Friday, April 17, 2015

Antonia Pulci's The Prodigal Son play (part 2)

An important innovation in the narrative of the Prodigal Son parable in Pulci’s play comes immediately after the prologue: The prodigal son, before he leaves home, gambles at cards and loses a large amount of money, which immediately highlights his sinfulness and irresponsibility. It is this loss at cards that spurs the prodigal to ask his father for his inheritance. The prodigal’s self-centered focus is solely on himself and his happiness (all quotes are from Pulci 2010: 308-61):

I don’t think that beneath the moon before
Was ever found with luck like mine a man
Who of a thousand bets could not win one.
“Unfortunate” I surely can be called—
I am not paid up yet—I want to go
And ask my father for my inheritance.

Pulci believed that asceticism helped lead to a virtuous life, so she wants the audience to reject the prodigal’s early view that money brings happiness. Ironically, even after saying that he could not win one bet out of a thousand, he declares that he wants “to go away and try [his] luck” using his “great inheritance” to travel to seek earthly pleasures: people “with money travel without fear,” he says, and the world is theirs for the taking. The prodigal does not yet realize that his luck—or his ability to make wise decisions—will not improve.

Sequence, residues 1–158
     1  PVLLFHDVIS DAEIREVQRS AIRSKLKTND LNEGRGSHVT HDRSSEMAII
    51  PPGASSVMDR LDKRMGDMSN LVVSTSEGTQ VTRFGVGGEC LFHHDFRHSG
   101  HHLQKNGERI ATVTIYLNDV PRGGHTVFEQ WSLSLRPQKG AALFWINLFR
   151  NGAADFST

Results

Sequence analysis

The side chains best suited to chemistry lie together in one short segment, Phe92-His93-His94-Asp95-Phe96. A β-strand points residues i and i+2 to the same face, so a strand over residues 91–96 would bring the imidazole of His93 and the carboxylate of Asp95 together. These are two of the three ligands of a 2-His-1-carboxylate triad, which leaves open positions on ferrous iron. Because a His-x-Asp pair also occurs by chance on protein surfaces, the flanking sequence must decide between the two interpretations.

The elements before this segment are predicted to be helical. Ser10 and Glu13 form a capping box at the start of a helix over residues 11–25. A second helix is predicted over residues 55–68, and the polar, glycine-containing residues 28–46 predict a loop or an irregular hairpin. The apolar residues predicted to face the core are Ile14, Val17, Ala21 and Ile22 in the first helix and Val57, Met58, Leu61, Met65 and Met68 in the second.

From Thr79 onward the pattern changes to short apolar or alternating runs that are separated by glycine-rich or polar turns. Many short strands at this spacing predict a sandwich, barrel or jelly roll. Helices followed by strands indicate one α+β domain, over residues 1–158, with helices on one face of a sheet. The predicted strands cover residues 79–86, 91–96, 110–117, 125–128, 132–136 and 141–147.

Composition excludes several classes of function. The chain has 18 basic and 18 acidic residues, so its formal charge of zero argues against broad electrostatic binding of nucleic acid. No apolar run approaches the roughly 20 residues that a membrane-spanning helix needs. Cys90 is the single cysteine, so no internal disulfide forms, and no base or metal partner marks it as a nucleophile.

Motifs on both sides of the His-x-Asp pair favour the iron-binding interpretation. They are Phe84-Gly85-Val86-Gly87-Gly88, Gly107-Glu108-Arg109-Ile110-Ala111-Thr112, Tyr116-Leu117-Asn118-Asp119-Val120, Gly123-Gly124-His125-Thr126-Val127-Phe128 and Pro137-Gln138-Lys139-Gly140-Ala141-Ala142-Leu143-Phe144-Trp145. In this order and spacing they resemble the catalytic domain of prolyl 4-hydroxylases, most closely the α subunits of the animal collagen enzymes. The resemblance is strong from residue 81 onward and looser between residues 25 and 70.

Another major elaboration in Pulci’s play is that both the prodigal’s father and elder brother beg him to stay after he asks for his inheritance. His father sorrowfully exclaims:

You’ve set a grievous sorrow in my heart.
Don't let me hear you say such things again.
. . .
Consider staying here with me, sweet son,
Because near you I wish to end my life.

The father also asks his “dear son” to consider just how good his current life at home is:

You know how comfortably I’ve brought you up,
You’ve never tasted any hardship, and
You’re used to being well provided for.
Now through the world you’ll go in great distress;
Poor wretch, don't think to err in such a way,
Ah, don't let anger overcome you so.

The son continues to insist that he wants his inheritance, and the father repeatedly—in four separate speeches—states his “great love” for his son, speaks of the “great pain” the son’s leaving will cause him, and begs him to yield to his father’s “great prayers” to stay home:

Oh, don’t make me so sorrowful, my son,
Take pity on me who has brought you up;
You know that I have loved you even more
Than my own self—forever loved you thus,
Beloved son, the comfort of my heart.
Oh do not think to leave me in such woe,
Son; overcome such great hard-heartedness,
For my old age show some compassion, please.

The father’s heart-felt pleas are to no avail. The prodigal takes ten thousand ducats from his father, and, after also rejecting the pleas of his brother to stay home, he departs for a foreign land.

One quote sums up his state of mind: “Who has cash in this world has what he wants.”

In the next post, I will analyze the prodigal's arrival at the town square and his interactions with the "seven boon companions" (i.e., the seven deadly sins) that he immediately encounters there.

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